mechanical weathering
The process by which a rock or mineral is broken down into smaller fragments without altering its chemical makeup; weathering that affects only physical characteristics. See also chemical weathering.

melting point
The temperature it takes a certain material to change from a solid to liquid state.

Mercalli intensity scale
A scale designed to measure the degree of intensity of earthquakes, ranging from I for the lowest intensity to XII for the highest. The classifications are based on human perceptions.

mesothermal vein
Vein created due to intense heat (in range from around 390� to 570� F [200� to 300� C] ).

Mesozoic Era
The intermediate era of the Phanerozoic Eon, following the Paleozoic Era and preceding the Cenozoic Era, and marked by the dominance of marine and terrestrial reptiles, and the appearance of birds, mammals, and flowering plants.

Any of a category of electropositive (positively charged) elements or combinations of them in the form of minerals that exhibit a metallic luster, malleability, ductility, and conductivity.

Having the attributes of a metal. Sometimes can be used to describe a mineral with a metallic luster even though it is not a true metal.

metallic bonding
The act or process by which two or more atoms of electron-donating elements pack so closely together that some of their electrons begin to wander among the nuclei rather than orbiting the nucleus of a single atom. Metallic bonding is responsible for the distinctive properties of metals.

metallic elements
The metallic elements are minerals belonging to the native elements group. They consist of minerals that are pure elements or metallic alloys. They are all true metals, that is they have a metallic luster, are malleable and ductile, and are good conductors of electricity.

metallic luster
Exhibiting the luster of a metal, which is opaque and reflective. Some minerals exhibit a metallic luster even though they are not true metals.

The science and procedures involved in extracting metals from ore, refining the metals, blending them into alloys, and fashioning useful objects from them. Three forms of metallurgy are hydrometallurgy, electrometallurgy, and pyrometallurgy.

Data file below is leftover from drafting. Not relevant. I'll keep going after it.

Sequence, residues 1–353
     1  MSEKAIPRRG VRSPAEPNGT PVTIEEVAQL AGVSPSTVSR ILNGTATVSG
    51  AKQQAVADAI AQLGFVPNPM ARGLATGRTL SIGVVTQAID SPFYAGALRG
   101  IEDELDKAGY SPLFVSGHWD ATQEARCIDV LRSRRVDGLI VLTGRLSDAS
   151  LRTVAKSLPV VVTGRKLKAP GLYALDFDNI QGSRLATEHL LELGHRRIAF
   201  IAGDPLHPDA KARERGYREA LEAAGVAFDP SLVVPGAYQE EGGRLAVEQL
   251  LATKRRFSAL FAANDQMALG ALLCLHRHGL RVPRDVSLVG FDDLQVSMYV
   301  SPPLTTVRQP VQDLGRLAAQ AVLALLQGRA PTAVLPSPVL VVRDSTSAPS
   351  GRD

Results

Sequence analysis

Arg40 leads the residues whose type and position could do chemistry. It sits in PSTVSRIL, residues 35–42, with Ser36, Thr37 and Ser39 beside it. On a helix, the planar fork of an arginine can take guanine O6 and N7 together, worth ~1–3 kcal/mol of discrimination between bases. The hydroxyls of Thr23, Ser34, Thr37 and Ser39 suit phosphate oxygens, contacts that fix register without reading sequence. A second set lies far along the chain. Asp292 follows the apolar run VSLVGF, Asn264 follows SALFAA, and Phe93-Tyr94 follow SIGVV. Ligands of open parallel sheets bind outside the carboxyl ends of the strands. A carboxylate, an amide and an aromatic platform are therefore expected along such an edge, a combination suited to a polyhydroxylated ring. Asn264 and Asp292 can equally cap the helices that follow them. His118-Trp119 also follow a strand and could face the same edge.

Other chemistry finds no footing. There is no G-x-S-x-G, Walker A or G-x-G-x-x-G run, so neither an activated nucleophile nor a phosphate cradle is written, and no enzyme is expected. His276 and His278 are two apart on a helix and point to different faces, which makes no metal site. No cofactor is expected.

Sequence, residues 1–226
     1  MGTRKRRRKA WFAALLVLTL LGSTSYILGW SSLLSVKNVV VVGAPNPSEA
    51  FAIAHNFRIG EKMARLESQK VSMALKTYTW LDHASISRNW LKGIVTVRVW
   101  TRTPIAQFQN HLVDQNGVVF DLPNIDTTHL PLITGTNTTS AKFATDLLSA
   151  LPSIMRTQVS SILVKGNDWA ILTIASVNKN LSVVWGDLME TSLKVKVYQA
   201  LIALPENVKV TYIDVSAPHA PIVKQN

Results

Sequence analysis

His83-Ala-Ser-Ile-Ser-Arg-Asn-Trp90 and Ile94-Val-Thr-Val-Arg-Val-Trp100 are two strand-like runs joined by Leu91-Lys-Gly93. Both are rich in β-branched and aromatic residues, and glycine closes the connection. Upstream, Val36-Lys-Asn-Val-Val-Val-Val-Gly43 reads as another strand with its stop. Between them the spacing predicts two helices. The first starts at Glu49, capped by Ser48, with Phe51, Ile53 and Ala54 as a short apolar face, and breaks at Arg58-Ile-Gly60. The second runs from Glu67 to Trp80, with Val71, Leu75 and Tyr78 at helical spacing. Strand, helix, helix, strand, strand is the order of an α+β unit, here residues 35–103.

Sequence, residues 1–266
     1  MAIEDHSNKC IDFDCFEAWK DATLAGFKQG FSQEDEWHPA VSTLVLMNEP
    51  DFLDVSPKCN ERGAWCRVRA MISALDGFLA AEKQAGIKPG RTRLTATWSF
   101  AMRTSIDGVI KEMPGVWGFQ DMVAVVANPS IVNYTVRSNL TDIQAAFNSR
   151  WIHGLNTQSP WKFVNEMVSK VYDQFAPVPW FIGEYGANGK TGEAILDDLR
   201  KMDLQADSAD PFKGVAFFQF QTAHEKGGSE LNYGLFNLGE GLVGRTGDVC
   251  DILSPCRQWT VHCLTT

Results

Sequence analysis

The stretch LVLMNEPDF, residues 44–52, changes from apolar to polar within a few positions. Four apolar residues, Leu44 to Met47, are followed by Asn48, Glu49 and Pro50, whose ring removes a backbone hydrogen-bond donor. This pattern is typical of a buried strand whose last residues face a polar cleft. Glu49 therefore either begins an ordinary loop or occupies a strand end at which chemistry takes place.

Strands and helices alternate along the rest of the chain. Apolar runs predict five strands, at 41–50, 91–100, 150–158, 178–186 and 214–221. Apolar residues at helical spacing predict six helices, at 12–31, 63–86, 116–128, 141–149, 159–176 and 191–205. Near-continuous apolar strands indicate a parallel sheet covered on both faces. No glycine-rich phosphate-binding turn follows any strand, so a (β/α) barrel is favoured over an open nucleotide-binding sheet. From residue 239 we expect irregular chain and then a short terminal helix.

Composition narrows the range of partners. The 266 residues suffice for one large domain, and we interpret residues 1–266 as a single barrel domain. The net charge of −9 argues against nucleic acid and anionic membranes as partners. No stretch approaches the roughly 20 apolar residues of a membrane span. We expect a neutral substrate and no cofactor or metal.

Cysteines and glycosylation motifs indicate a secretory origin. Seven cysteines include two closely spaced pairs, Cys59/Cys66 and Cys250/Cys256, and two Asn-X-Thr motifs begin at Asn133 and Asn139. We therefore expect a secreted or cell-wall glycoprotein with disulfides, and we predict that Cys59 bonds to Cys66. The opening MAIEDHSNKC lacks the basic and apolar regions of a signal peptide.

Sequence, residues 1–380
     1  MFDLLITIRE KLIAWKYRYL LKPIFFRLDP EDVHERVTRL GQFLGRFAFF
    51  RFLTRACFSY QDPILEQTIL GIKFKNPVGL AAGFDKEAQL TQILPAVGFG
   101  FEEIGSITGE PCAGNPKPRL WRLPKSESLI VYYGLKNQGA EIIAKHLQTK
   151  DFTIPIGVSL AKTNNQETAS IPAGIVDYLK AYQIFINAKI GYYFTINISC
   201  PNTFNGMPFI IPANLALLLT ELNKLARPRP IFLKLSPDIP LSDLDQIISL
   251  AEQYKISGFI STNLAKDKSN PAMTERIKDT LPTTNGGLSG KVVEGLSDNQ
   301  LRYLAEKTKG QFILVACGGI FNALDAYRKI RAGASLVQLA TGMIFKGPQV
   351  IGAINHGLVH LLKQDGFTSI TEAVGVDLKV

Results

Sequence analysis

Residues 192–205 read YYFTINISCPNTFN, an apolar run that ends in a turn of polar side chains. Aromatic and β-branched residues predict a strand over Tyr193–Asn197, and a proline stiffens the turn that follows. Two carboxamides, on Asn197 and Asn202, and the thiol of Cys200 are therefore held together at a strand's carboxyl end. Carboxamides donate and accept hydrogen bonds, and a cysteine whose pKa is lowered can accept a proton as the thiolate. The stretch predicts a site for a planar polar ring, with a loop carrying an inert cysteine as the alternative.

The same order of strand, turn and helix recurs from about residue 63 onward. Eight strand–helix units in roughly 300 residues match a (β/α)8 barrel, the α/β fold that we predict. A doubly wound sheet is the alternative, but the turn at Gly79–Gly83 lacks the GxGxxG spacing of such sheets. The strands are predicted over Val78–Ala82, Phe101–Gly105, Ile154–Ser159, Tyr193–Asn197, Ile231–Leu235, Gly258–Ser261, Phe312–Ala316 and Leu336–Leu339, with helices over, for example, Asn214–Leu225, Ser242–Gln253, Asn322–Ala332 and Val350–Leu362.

Crystalline minerals that lose their crystal structure due to radioactive destruction.

metamorphic differentiation
The process by which minerals from a chemically uniform rock separate from each other during metamorphism and form individual layers within a new metamorphic rock.

metamorphic grade
A measure used to identify the degree to which a metamorphic rock has changed from its parent rock. A metamorphic grade provides some indication of the circumstances under which the metamorphism took place.

metamorphic index mineral
One of a set of minerals found in metamorphic rocks and used as indicators of the temperature and pressure conditions at which the metamorphism occurred. A metamorphic index mineral is stable only within a narrow range of temperatures and pressures, and the metamorphism that produces it must take place within that range.

metamorphic rock
A rock that has undergone chemical or structural changes. Heat, pressure, or a chemical reaction may cause such changes.

The process by which conditions within the Earth, below the zone of diagenesis, alter the mineral content, chemical composition, and structure of solid rock without melting it. Igneous, sedimentary, and metamorphic rocks may all undergo metamorphism.

metasilicate chains
Synonym of inosilicates: Group of silicate minerals that have their tetrahedrons form single or multiple chains, with two oxygen atoms of each tetrahedron part of its neighboring tetrahedron forming long, thin, chains.

metasilicate rings
Synonym of cyclosilicates: Group of silicate minerals that have their tetrahedrons linked into rings. Each silicon atom is bound by two oxygen atoms that are part of another tetrahedron. Each ring consists of three, four, or six linked tetrahedrons.

This term either refers to the metasilicate chains (inosilicates), the metasilicate rings (cyclosilicates), are both the metasilicate chains and rings.

The chemical alteration of rocks or minerals by interaction with liquids. The alteration must only take place if the rock or mineral was not in a molten state in order for it to be metasomatism.

Describing the condition of radioactive minerals which cannot withstand their composition and begin to decay. Also refers to minerals that crystallize at a certain temperature and can only retain the initial crystal structure at certain temperatures. Synonym of unstable.

meteoric water
The precipitation of condensed water from clouds as rain, snow, sleet, or hail.

Meteor that did not fully burn up in the atmosphere and landed on the earth.

Solid mass suspended in outer space that revolves around the sun. Meteoroids are smaller than asteroids.

Aggregate of compact, flat, parallel, flexible, and peelable sheets, or describing minerals that occur in such aggregates.

A section of continental lithosphere that has broken off from a larger, distant continent, as by rifting.